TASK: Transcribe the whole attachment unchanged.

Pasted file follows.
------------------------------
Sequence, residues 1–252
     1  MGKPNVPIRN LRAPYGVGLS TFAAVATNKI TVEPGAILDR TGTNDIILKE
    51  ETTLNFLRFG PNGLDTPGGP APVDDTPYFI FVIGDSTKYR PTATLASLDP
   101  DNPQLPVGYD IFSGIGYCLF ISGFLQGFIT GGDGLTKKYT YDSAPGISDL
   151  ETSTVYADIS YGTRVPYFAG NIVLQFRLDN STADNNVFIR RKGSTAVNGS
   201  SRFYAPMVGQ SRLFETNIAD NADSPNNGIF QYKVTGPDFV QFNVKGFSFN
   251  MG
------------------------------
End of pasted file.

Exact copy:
Sequence, residues 1–252
     1  MGKPNVPIRN LRAPYGVGLS TFAAVATNKI TVEPGAILDR TGTNDIILKE
    51  ETTLNFLRFG PNGLDTPGGP APVDDTPYFI FVIGDSTKYR PTATLASLDP
   101  DNPQLPVGYD IFSGIGYCLF ISGFLQGFIT GGDGLTKKYT YDSAPGISDL
   151  ETSTVYADIS YGTRVPYFAG NIVLQFRLDN STADNNVFIR RKGSTAVNGS
   201  SRFYAPMVGQ SRLFETNIAD NADSPNNGIF QYKVTGPDFV QFNVKGFSFN
   251  MG